Why are Freight Broker surety bonds required?
The Federal Motor Carrier Safety Administration (FMCSA) requires freight brokers and forwarders to have a freight broker surety bond. A surety bond is an agreement between 3 participants- the principle, the obligee, and the surety.
A Freight Broker surety bond aims to hold motor carriers to a stricter standard which prevents unqualified people from entering the industry. Also, it keeps high-risk drivers off the road. The Moving Ahead for Progress in the 21st Century Act passed in 2012 has increased the required surety bond amount for freight brokers from $10,000 to $75,000.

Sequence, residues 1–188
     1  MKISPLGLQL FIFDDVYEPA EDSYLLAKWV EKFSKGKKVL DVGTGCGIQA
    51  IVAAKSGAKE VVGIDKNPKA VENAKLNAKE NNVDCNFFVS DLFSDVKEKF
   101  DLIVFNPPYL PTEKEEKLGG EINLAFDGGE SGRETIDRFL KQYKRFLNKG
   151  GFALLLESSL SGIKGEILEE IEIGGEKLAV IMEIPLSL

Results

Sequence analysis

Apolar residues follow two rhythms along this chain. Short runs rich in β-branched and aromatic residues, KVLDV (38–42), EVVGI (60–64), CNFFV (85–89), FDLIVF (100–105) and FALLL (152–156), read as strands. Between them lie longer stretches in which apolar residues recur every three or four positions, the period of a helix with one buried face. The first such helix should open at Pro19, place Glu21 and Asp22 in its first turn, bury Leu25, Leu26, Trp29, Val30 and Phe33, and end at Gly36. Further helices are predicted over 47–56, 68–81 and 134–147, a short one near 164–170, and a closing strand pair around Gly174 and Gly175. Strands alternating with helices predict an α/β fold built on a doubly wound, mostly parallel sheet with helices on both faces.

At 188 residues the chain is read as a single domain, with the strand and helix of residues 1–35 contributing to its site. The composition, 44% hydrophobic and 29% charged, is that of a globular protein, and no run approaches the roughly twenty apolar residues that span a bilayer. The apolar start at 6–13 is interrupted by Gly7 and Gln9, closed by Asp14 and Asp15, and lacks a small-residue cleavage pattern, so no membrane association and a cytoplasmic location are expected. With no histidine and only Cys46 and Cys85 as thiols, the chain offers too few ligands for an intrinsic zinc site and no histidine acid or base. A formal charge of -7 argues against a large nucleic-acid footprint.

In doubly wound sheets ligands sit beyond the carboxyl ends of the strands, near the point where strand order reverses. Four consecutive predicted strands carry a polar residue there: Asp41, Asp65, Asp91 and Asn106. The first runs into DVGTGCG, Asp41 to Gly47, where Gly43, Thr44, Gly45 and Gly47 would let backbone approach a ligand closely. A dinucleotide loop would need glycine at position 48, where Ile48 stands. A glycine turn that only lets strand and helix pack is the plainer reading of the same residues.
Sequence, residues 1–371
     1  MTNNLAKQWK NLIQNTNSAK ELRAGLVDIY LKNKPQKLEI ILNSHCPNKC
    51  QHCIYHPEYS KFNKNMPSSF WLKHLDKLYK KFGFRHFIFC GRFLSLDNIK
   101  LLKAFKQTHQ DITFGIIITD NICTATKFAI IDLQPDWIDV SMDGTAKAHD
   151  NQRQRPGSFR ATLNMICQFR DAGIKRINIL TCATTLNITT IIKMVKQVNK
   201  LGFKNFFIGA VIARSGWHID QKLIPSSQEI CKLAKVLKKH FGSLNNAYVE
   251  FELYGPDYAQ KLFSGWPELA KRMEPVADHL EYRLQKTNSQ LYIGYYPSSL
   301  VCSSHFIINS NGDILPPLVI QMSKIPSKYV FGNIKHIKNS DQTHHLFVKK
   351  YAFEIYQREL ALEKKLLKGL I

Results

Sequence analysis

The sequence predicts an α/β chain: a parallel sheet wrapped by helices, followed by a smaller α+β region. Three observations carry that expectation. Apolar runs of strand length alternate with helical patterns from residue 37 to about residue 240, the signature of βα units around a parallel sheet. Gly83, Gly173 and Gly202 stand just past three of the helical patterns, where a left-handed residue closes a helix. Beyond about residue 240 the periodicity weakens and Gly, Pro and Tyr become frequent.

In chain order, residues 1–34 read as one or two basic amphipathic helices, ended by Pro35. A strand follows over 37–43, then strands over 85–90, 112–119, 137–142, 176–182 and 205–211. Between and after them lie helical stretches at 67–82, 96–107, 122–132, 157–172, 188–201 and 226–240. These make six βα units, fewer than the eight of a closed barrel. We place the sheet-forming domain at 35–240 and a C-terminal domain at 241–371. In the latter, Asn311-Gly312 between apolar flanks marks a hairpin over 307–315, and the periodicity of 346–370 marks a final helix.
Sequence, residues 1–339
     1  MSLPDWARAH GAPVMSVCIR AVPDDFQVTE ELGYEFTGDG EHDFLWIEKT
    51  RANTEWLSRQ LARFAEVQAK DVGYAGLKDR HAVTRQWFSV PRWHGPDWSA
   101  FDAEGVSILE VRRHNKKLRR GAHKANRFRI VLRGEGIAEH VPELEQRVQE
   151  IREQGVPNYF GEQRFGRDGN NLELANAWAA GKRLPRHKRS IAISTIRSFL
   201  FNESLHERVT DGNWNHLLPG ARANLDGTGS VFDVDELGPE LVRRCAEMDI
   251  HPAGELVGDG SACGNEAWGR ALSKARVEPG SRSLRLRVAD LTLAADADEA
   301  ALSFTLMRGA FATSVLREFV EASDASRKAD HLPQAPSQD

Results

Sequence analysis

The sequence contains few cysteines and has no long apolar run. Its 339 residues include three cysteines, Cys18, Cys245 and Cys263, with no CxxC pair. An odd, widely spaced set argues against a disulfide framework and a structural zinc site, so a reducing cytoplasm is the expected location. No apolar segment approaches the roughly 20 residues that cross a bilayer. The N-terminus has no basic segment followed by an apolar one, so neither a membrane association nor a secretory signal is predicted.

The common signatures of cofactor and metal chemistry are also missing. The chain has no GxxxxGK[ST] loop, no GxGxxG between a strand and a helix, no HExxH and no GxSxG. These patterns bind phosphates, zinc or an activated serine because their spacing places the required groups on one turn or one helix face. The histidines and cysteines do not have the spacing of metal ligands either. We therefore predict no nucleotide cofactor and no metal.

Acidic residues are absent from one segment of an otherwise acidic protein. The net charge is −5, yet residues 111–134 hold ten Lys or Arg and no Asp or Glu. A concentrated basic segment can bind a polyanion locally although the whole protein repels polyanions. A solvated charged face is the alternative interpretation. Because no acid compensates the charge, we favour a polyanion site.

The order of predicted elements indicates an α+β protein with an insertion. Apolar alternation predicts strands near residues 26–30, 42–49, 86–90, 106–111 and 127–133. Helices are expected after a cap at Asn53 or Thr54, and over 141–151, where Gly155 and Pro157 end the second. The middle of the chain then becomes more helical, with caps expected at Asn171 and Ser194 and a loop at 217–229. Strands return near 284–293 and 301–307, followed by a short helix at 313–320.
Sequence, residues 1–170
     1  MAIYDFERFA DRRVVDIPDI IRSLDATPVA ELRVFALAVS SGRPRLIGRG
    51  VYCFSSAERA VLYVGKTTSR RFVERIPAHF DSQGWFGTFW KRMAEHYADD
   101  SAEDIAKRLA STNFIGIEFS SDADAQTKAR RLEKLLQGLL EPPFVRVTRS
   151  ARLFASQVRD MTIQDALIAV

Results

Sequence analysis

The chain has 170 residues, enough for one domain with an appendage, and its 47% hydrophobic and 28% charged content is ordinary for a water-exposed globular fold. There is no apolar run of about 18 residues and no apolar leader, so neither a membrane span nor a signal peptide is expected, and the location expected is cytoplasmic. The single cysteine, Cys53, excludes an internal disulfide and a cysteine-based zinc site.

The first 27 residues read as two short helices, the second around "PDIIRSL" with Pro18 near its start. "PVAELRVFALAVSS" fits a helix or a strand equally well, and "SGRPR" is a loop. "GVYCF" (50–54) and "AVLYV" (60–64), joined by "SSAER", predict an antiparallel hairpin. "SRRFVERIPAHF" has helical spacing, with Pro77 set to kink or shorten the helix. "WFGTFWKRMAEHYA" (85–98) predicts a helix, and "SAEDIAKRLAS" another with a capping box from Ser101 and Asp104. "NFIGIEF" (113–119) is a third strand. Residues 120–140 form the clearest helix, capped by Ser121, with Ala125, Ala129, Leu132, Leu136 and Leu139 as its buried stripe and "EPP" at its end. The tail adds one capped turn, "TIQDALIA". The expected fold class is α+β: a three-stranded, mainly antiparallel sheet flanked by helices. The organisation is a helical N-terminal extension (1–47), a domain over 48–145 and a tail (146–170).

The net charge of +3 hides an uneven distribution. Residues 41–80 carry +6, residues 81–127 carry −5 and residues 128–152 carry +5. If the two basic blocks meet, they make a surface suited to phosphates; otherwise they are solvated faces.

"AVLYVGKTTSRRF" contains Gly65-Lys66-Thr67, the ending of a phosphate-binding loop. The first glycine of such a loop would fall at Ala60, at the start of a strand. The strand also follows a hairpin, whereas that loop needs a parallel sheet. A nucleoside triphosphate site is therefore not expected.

A BMC-85 trust agreement enforces $75,000 of collateral up front to be held in a trust during the time a license is valid. Usually, the collateral is held by a trust company or a bank. BMC-85 trust companies do not have to be licensed by the FMCSA and do not have insolvency protection. This type of surety bond is more risky since trust companies may not be able to pay back the debt which would lead to bankruptcy. If that happens, the carrier can lose their $75,000 trust.
The biggest advantage of a BMC-84 surety bond is that the broker is not required to pay the $75,000 up front. The claims will be paid out by the surety company up to the full amount. However, the broker has to reimburse the surety company for any paid claims. A surety bond means that $75,000 worth of assets are not tied up in a trust which allows a sense of financial security.
Here at Surety1, we can help you with your BMC-84 surety bond.
Give us a call at 1-877-654-2327 or on our website at Surety1.com